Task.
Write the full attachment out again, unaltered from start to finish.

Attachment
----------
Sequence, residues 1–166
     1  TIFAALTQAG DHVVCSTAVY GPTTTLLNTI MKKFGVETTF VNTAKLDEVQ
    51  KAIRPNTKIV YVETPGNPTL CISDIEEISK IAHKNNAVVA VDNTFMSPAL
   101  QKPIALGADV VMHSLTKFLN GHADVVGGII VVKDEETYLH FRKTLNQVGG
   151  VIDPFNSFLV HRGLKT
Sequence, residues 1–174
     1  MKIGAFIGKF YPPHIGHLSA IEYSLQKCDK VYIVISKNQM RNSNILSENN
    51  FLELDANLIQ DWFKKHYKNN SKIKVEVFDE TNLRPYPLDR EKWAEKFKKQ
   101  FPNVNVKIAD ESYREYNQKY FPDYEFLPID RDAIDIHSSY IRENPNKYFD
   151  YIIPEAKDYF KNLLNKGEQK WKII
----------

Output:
Sequence, residues 1–166
     1  TIFAALTQAG DHVVCSTAVY GPTTTLLNTI MKKFGVETTF VNTAKLDEVQ
    51  KAIRPNTKIV YVETPGNPTL CISDIEEISK IAHKNNAVVA VDNTFMSPAL
   101  QKPIALGADV VMHSLTKFLN GHADVVGGII VVKDEETYLH FRKTLNQVGG
   151  VIDPFNSFLV HRGLKT
Sequence, residues 1–174
     1  MKIGAFIGKF YPPHIGHLSA IEYSLQKCDK VYIVISKNQM RNSNILSENN
    51  FLELDANLIQ DWFKKHYKNN SKIKVEVFDE TNLRPYPLDR EKWAEKFKKQ
   101  FPNVNVKIAD ESYREYNQKY FPDYEFLPID RDAIDIHSSY IRENPNKYFD
   151  YIIPEAKDYF KNLLNKGEQK WKII